Written by Dr Mandeep Dyal, Family Law Barrister
The decision of Mostyn J in the matter of Re N (a child)  EWFC 35 was handed down on 1st May 2020. The matter relates to an application for an inward return order in respect of a child removed from the jurisdiction during the Covid-19 pandemic and shortly prior to the national lockdown announced on 23rd March 2020. Mostyn J followed the guidance set out by the Court of Appeal in Re S (Abduction: Hague Convention or BIIa)  EWCA Civ 1226 and deferred the decision on the substantive application until after the conclusion of the Hague Convention proceedings in Greece.
Prior to the decision in Re N , the Court of Appeal case of Re S (Abduction: Hague Convention or BIIa)  EWCA Civ 1226 provided guidance as to the stage at which an inward return order should be made, where the child has been taken to an EU member state. Moylan LJ, amongst other matters, provided guidance that he did not consider ‘that a “particularly compelling reason” would be required before it would be appropriate for a court to make a return order summarily at the outset of proceedings.’ However, he did consider that ‘absent a good reason to the contrary, the better course is for the court to defer making a return order until an application under the 1980 Convention has been determined in the other Member State. As Black LJ said this is how the return of a child is “expected to be dealt with”. Once such a determination has been made the court can then decide what order to make pursuant to Article 11(8) of the BIIa’ [para 47].
Moylan LJ set out the advantages of deferring the making of a return order until the conclusion of 1980 Convention proceedings, including that:
- A higher degree of direct assistance is likely to be provided by the member state to a party bringing Hague Convention proceedings than in respect of an application for enforcement of an order.
- There is likely to be less delay in the matter being determined, as there is a duty on member states to determine 1980 Convention proceedings within 6 weeks.
- Article 11 provides a tailor-made procedure through which the courts of member states engage with the case and with each other.
- The Convention provides an expedited enforcement procedure.
There is a burden on the applicant for an inward return order to justify why the better course of deferring the application until the conclusion of the Hague Convention proceedings should not apply.
Re N  concerned the father’s application for an inward return order in respect of the parties’ 11 year old son, N. The parties were Greek. They were married in 2009. The relationship broke down in 2017 and it was agreed thereafter that N should live with the respondent mother. The father moved to London in 2017 and the mother and N followed in January 2018. The parties lived at the same property, but did not reconcile the relationship. N became habitually resident in London, attending school and becoming fully socially assimilated in London.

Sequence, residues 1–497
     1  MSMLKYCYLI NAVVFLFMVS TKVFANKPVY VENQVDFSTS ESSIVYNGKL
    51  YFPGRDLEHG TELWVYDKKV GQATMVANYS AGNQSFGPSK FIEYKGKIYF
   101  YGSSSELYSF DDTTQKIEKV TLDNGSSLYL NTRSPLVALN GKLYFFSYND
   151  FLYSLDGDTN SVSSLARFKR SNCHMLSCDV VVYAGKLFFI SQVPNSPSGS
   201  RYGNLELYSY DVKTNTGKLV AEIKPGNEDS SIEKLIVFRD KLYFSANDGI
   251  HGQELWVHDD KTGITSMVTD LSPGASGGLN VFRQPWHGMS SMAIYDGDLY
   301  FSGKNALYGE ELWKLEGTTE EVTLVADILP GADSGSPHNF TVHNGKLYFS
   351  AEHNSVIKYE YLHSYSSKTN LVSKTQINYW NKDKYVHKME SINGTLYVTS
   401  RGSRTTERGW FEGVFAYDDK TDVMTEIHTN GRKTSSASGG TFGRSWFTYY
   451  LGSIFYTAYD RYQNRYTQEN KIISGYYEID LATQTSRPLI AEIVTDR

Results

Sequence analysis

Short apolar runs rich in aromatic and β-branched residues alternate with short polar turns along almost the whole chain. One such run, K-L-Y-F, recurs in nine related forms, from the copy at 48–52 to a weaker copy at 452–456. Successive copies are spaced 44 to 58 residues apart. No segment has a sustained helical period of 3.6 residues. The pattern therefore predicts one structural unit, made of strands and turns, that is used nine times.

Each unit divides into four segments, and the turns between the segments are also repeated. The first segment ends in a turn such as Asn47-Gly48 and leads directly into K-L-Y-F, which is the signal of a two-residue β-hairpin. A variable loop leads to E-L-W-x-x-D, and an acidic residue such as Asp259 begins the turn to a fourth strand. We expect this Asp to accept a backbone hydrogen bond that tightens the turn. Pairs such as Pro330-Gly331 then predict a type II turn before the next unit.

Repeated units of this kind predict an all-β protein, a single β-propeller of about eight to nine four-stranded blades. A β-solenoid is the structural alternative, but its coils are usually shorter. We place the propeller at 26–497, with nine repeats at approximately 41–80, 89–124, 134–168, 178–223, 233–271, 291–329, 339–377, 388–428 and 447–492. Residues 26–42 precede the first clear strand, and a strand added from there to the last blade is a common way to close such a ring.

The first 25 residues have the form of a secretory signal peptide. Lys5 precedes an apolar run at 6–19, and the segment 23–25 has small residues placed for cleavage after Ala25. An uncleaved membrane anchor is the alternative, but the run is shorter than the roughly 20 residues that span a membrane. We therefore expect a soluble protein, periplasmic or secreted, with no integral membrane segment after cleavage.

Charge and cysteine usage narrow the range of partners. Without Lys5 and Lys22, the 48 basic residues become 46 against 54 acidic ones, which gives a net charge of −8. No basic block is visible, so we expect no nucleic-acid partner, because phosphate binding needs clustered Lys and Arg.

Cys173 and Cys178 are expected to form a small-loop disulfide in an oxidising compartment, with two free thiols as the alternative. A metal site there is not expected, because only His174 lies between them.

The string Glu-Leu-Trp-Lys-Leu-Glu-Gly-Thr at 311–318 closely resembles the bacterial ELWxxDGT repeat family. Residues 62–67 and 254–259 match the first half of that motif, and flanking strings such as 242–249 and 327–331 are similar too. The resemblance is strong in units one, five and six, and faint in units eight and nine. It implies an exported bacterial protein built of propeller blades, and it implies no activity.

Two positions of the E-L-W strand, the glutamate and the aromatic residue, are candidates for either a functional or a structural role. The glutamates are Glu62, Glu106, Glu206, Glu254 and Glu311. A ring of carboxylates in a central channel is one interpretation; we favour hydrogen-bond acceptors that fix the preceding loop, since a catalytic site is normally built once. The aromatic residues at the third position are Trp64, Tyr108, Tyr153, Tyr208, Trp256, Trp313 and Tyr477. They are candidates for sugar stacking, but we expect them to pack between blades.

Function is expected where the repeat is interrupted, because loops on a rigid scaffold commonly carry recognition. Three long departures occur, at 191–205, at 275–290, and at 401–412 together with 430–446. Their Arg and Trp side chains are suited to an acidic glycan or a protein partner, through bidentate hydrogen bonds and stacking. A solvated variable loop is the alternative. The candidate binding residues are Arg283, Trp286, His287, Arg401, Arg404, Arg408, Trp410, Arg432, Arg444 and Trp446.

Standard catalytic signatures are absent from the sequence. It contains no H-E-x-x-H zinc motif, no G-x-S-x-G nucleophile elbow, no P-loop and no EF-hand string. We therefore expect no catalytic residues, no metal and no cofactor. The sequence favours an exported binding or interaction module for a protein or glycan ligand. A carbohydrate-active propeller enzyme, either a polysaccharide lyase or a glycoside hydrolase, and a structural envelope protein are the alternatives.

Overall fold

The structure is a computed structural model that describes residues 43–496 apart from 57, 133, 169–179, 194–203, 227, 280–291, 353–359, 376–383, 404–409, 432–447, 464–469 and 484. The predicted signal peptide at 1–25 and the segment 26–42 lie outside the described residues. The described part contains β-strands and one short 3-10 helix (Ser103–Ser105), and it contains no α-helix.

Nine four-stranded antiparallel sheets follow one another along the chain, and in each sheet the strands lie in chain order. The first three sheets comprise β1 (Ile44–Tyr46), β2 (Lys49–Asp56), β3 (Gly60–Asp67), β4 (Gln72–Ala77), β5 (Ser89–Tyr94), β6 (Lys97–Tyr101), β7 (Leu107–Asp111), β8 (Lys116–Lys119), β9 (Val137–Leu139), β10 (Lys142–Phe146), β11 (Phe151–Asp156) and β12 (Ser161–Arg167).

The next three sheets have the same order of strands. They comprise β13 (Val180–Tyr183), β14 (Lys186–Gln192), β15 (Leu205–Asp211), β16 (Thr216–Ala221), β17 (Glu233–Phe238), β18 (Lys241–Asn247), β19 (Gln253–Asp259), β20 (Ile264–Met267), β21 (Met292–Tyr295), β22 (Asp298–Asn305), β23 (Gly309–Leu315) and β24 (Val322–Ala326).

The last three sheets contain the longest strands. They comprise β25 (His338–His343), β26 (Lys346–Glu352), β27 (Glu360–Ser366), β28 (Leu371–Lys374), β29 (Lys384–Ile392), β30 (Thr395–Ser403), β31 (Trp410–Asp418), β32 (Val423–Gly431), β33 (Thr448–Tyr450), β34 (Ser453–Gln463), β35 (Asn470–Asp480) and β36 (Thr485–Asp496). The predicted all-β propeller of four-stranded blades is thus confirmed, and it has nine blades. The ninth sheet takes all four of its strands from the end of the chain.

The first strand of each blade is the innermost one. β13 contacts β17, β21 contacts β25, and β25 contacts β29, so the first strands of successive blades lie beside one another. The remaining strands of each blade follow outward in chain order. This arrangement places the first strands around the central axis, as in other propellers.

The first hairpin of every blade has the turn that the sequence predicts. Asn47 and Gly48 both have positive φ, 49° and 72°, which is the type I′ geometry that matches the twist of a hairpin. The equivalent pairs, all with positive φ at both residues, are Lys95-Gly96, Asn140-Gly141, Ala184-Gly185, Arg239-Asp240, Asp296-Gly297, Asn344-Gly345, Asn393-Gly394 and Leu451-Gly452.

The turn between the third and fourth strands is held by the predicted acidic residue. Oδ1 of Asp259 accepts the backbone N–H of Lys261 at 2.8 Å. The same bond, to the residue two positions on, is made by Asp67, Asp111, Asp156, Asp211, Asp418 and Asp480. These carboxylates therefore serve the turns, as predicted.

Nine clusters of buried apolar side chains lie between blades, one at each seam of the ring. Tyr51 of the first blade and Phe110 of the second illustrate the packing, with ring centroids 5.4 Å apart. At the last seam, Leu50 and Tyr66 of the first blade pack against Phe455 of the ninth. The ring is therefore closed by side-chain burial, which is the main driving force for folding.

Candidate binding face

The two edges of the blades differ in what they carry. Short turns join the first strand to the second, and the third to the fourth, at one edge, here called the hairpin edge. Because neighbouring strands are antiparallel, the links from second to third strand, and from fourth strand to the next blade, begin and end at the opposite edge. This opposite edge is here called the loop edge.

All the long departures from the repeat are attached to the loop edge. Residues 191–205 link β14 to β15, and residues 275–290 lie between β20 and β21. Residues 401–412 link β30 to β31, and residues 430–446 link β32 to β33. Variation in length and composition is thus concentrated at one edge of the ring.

On 20th March 2020, in the midst of the global Covid-19 pandemic and three days prior to the government announcing the national lockdown to prevent the spread of Covid-19, the mother unilaterally removed N to the maternal grandmother’s home on the Greek island of Paros. She believed that N would be safer in Paros as there had at that date been no known Covid-19 infections on the island.
The father instructed a Greek lawyer and made an application, via email, under the 1980 Hague Convention in Greece.
Thereafter, on 9th April, the father made a without notice application to the High Court seeking several orders, including an immediate inward return order. The matter was listed for an on notice directions hearing via Zoom on 28th April 2020. The father sought:
- a declaration that N is habitually resident in England and Wales and was on 21st March 2020;
- a specific issue order for the mother to return N to England forthwith;
- a prohibited steps order preventing the mother, on return, from removing N from England until the conclusion of the proceedings;
- a specific issue order requiring the mother to lodge the child’s passport and travel documents with the father’s solicitors until the conclusion of the proceedings;
- a prohibited steps order preventing the mother from applying for a travel document or passport with the Greek embassy in England and Wales; and
- an order for N to live with the father until the conclusion of the proceedings.
The hearing proceeded via Zoom and both parties were able to participate. On the morning of the hearing, the father produced a statement from his Greek lawyer which set out that a declaration that N was habitually resident in England and Wales on 21st March and remains so would assist the procedure in Greece and would ‘increase the chances’ of the father’s application succeeding. It further confirmed that applications under the Hague Convention would usually take about four months to be concluded at first instance, with a further three months in the event of an appeal. However, that there would inevitably be a backlog due to the Coronavirus and further delays may therefore arise. Having said that, the father had applied to the Greek court on 16th April for an order preventing the mother from ‘flying away’ from Paros to a place other than England, which had been listed for a hearing on 28th May 2020, showing that the Greek courts were in fact functioning relatively efficiently.